In NWA & FSA v. NVF & others[4] the court dismissed a challenge to an award brought on the basis that the parties had not complied with a requirement to seek to mediate a dispute before referring it to arbitration. The court explained that the failure was a potential breach of a procedural requirement going to the admissibility of the dispute for arbitration which was for the arbitrator to decide, and not a failure which goes to the jurisdiction of the tribunal. As such, it was not a basis for challenge under section 67 of the Act. In Aiteo Eastern E&P Company Ltd v. Shell Western Supply and Trading Ltd,[5]  the court confirmed that a party may exercise a contractual option to arbitrate without actually commencing an arbitration; all that is required is an unequivocal statement at which point the arbitration agreement comes into existence.

B.2      Challenges to arbitral awards — section 67 (Substantive Jurisdiction) and section 68 (Serious Irregularity)

The position remains that parties who seek to challenge arbitral awards before the English courts are rarely successful.

In Livian GmbH v. Elektra,[6] the primary complaint was that a tribunal had failed to give due regard to key evidence as it did not refer to it in its reasoning. The court found that this was not a credible basis for bringing a challenge under section 68 of the Act. The tribunal was entitled to reach the conclusion it did (which was not inconsistent with the evidence referred to) and the court was not prepared to comment on its reasoning. The case is also a reminder of the high threshold necessary to bring a section 68 challenge. Even if the tribunal’s failure to reference the evidence were regarded as breach of its duty of fairness, the court stated obiter that it had not been demonstrated that this failure gave rise to any serious procedural irregularity, or substantial injustice if it had. On the latter requirement, it is necessary to show that the tribunal would likely have reached a different conclusion with a significantly different outcome, which the claimant was unable to do in this case.

EGF v. HVF[7] provides a useful explanation of the boundaries between a challenge to an award based on an arbitrator’s substantive jurisdiction[8] and one based on serious irregularity affecting the tribunal.[9] Here, the claimant applied to have an Interim Payment Order (IPO) given by way of partial award set aside, because pursuant to articles 26 and 34 of the UNCITRAL Rules, a tribunal does not have the power to order a provisional payment on account of a money claim, or to issue an award for an interim remedy. The judge dismissed the challenge, stating that where the Act allows a tribunal to address matters of its own jurisdiction,[10] it is not open to a claimant to challenge the partial award on this basis. In this case there was no question that: (i) the tribunal was properly constituted; (ii) there was a valid arbitration agreement; and (iii) the matter submitted was in accordance with that agreement. The judge rejected the claimant’s “false argument” that because the UNCITRAL Rules did not grant the arbitrators the power they exercised, the IPO application itself could not be submitted to the tribunal in line with the arbitration agreement,[11] as this would essentially “mean that section 68(2)(b) had no content.”[12] Additionally, articles 26 and 34 do not purport to limit the matters which can be referred to the tribunal for decision, so any challenge would be properly made under section 68 rather than 67. However, the claimant had failed to plead that the IPO had created a substantial injustice, so the section 68 challenge failed. Baker J stated obiter that if it had, the court would have found that the tribunal exceeded its powers, as although article 26 does contain the power to grant an IPO and section 39 of the Act envisages that interim relief canbe provided by way of an award, article 34 requires all awards to be “final and binding,” which precluded the tribunal from doing so. The tribunal had expressed the partial award as its final view on IPO, but interim relief is, by definition, something the “arbitrators’ jurisdiction was and is reserved to revisit…, at any time, [and] upon any basis that they might be persuaded.”[13]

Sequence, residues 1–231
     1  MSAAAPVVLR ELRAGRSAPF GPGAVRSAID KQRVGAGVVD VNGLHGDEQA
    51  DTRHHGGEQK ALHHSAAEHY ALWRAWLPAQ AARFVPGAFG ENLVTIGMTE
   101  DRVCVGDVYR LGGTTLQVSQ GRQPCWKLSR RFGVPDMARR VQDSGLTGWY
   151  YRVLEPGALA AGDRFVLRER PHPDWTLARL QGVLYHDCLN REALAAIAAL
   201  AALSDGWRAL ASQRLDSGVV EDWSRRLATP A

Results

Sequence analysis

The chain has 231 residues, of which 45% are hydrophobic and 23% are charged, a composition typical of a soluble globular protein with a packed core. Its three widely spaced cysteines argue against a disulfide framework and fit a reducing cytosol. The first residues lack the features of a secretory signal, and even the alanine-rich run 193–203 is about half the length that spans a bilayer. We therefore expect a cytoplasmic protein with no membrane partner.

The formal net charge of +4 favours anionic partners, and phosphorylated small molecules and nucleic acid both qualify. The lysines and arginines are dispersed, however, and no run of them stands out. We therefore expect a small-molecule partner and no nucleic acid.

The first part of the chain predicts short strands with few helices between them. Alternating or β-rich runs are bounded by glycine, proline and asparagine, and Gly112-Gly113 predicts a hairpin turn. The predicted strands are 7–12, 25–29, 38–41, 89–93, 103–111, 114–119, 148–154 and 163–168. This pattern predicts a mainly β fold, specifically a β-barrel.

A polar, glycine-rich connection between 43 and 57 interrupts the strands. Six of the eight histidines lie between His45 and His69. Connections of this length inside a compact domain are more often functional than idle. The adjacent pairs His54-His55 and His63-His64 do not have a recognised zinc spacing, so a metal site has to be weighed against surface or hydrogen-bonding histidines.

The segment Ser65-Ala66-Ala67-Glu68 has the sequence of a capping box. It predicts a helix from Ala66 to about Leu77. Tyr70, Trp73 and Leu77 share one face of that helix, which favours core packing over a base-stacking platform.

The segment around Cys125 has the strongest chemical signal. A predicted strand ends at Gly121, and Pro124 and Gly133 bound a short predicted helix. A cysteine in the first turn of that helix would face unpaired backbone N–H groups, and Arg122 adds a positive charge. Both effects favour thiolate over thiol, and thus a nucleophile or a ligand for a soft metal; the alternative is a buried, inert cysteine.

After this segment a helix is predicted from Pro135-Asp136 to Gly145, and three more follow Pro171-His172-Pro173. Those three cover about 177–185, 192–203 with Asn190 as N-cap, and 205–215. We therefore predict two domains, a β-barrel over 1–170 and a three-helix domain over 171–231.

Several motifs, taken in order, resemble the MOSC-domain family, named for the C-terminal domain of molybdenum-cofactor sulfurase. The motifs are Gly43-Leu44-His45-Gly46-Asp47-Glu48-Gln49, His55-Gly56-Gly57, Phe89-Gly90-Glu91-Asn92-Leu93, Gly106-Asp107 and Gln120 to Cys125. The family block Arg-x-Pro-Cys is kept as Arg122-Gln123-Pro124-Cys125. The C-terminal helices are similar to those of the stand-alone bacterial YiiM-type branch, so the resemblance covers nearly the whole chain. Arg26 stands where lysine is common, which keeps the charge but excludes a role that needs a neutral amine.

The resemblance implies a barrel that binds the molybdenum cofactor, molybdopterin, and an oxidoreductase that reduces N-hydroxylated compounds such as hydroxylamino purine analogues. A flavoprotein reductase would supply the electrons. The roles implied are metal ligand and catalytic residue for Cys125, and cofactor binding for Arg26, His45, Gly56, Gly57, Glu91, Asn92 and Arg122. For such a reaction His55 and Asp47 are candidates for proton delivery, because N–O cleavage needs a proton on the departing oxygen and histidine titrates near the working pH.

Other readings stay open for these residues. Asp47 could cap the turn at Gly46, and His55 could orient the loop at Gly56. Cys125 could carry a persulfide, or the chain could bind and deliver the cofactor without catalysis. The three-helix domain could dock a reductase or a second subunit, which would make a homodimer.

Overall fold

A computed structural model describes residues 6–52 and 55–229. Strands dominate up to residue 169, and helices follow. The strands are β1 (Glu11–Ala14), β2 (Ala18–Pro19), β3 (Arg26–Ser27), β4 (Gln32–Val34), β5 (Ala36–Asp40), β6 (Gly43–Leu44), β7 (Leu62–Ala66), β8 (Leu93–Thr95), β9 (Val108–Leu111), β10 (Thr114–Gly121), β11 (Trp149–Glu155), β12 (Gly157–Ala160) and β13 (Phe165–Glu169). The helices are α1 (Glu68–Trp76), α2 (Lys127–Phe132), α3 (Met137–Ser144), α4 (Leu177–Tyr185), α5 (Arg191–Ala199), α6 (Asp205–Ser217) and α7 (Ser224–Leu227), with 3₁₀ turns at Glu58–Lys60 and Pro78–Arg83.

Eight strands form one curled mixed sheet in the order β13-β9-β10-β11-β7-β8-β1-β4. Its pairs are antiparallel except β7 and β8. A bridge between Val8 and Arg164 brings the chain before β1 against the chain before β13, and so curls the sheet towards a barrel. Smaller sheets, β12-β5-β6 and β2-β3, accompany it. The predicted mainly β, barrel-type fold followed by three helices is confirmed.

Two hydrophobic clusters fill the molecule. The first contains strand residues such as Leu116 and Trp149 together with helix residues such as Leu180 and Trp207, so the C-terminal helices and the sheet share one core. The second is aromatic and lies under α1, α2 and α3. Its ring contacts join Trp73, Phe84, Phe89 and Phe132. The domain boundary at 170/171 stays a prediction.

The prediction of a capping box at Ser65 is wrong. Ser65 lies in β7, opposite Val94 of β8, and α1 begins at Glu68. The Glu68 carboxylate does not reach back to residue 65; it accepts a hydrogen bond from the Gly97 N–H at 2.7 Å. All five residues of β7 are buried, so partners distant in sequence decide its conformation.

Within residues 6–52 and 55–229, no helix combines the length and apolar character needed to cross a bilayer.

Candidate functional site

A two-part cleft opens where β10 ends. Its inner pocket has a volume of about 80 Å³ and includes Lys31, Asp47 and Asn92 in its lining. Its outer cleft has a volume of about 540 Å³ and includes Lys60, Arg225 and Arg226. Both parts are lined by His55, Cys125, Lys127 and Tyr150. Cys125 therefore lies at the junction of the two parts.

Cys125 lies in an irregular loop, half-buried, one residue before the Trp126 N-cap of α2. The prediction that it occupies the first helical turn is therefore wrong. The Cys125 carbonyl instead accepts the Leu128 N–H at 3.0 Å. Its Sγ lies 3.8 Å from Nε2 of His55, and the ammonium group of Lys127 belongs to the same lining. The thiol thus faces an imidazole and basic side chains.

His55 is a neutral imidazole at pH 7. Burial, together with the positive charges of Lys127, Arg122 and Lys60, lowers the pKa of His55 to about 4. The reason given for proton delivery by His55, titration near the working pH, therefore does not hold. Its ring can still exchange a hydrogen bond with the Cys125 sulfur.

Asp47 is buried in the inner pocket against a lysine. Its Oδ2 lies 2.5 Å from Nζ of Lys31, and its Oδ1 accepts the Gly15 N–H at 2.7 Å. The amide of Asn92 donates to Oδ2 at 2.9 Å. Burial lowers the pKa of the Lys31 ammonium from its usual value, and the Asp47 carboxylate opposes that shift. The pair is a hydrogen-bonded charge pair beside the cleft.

The Commercial Court did uphold one section 68 challenge in the case of Royal & Sun Alliance Insurance Ltd and others v. Tughans (a firm).[14] This related to the arbitrator’s failure to give the claimant adequate opportunity to deal with the defendant’s reformulated case, which the judgment held was a serious irregularity creating substantial injustice justifying remission to the arbitrator.

Aiteo v. Shell[15] considered a challenge to a tribunal’s substantive jurisdiction regarding an asymmetric arbitration agreement in a set of finance documents, but again the challenge failed. Clauses providing that one or both parties “may” refer a matter to arbitration are not in themselves fully-formed arbitration agreements, and only become so the option is exercised. Where court proceedings are already afoot, a party with the benefit of such an option can generally elect to arbitrate by making an unequivocal statement to that effect, by for instance applying for a stay or by submitting a request for arbitration. The judge found on the facts that the option was validly exercised and the tribunal had substantive jurisdiction.